I didn’t respond but continued to pull the needle in and through and back out again, always feeling for the prick underneath with my other hand, tightening the thread over the button, securing it in place.
“I know you are having a hard time,” he said reaching toward me. “It’s understandable; anyone in your place would be upset.”
I folded the shirt over the needle and placed it on the armrest of the chair.
“But remember what the doctor told Beth,” he continued. “This has been really hard on her, too.” He put his hand over my kneecap and squeezed, his gray eyes softening. “It was the right thing to do.” At the sound of those words my eyes welled up, blurring my vision.
“It feels like the most wrong thing I have ever done in my life,” I said quietly, wiping my eyes with the wadded tissue that was still in my pocket from this morning. There was a short uncomfortable silence and I rubbed the tissue between my dry fingers. David ran a hand over his dark thinning hair. He sat forward on the edge of the couch and spoke.
“That is what the devil wants you to think. That’s how you know it is the right thing to do, if the devil tries to make you believe it’s wrong.” David was leaning toward me, his dark suit coat pulling at his shoulders. I could see the roundness of his stomach straining against his white shirt that was fraying along the front. His eyes showed concern and he kept one hand on my knee. I took a deep breath and looked up at him, ready to tell him the truth, that I couldn’t do it another day. It was tearing me up inside. But instead of speaking, my mouth twisted tight and I nodded.
“You have been a good wife,” he said patting my leg and standing up. “God sees your sacrifice and you will be blessed for it.” I looked away, reaching for the shirt with the needle and thread hidden inside of the folds, to finish the job.
“She will be alright,” he added placing a hand on my shoulder. I gave him a slight nod. “Remember, she was never your baby in the first place,” he said. “She was given to me and I did what I thought was best.”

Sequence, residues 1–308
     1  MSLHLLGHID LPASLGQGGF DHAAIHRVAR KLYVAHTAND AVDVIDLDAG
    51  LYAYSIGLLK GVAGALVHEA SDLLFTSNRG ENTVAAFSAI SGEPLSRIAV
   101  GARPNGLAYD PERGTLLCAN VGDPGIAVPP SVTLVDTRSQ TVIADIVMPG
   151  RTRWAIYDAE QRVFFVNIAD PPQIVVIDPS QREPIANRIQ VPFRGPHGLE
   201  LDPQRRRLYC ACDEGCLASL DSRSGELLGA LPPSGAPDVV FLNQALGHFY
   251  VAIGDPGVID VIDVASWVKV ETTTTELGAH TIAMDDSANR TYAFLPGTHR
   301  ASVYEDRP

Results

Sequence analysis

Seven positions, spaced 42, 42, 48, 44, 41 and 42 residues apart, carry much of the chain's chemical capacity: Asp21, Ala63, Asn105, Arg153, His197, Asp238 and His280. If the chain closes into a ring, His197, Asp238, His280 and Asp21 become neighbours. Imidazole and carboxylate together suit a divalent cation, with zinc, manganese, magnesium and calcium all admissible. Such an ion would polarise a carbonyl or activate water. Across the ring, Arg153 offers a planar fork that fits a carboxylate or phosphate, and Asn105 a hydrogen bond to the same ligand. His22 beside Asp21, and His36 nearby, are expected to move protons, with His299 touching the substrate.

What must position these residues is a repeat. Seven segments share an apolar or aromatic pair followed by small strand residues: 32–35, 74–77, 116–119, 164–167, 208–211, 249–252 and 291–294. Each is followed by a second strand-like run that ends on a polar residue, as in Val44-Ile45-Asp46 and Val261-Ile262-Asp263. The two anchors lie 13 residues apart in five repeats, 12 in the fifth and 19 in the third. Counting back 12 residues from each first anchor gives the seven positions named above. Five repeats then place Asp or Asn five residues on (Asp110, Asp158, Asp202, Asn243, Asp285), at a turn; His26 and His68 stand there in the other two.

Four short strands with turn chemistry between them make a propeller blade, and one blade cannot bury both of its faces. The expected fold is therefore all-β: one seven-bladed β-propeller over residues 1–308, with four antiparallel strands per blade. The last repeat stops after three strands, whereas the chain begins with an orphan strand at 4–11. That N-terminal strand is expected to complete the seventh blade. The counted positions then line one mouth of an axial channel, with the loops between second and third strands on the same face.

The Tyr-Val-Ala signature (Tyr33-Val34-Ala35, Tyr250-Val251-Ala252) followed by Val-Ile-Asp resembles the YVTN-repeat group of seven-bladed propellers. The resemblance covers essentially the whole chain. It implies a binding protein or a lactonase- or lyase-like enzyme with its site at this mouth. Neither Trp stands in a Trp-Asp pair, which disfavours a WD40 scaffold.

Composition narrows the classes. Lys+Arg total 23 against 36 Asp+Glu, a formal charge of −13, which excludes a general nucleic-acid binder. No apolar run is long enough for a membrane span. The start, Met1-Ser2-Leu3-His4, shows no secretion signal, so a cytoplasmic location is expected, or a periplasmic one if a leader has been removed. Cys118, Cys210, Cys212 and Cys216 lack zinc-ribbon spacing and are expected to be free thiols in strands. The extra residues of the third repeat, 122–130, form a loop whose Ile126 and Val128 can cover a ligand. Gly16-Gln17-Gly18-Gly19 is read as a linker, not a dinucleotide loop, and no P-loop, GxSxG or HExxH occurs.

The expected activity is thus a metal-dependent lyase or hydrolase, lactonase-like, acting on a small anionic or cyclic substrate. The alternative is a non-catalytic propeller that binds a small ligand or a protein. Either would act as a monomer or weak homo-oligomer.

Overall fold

Later that night I stood outside Beth’s bedroom door in my nightgown, my hands balled up into fists at my sides. Eva was crying. It was a tired cry. She just needed to have someone rub her back while she settled down. I could hear the sounds of Beth pacing the room, her voice trying to calm the baby. Finally, after a few moments, I knocked on the door and slowly opened it up. The lamp was turned on, illuminating a small corner of the otherwise dark room. Beth was holding Eva who was arching her back and crying. When Eva saw me she reached out with both arms for me and wailed even louder. Beth’s face grew dark.
“Do you need a break?” I asked trying not to sound too eager. “I can take her for a while if you need me to.”
“I am fine. She needs to learn to go to sleep when I want her to. And you can mind your damn business,” Beth said in a flush of anger, still bouncing the baby.
“I’m sorry, I didn’t meant to interfere.”
“By the way,” she said, bending down to pick up the gray afghan. “Keep your ugly things out of my room.” She threw the gray afghan in my face, the force of it startled me and I took a step backward.
I walked down the darkened hallway to my own bedroom and closed the door against the continued sound of Eva’s cries. I carefully folded and smoothed the gray afghan and placed it neatly in the empty crib.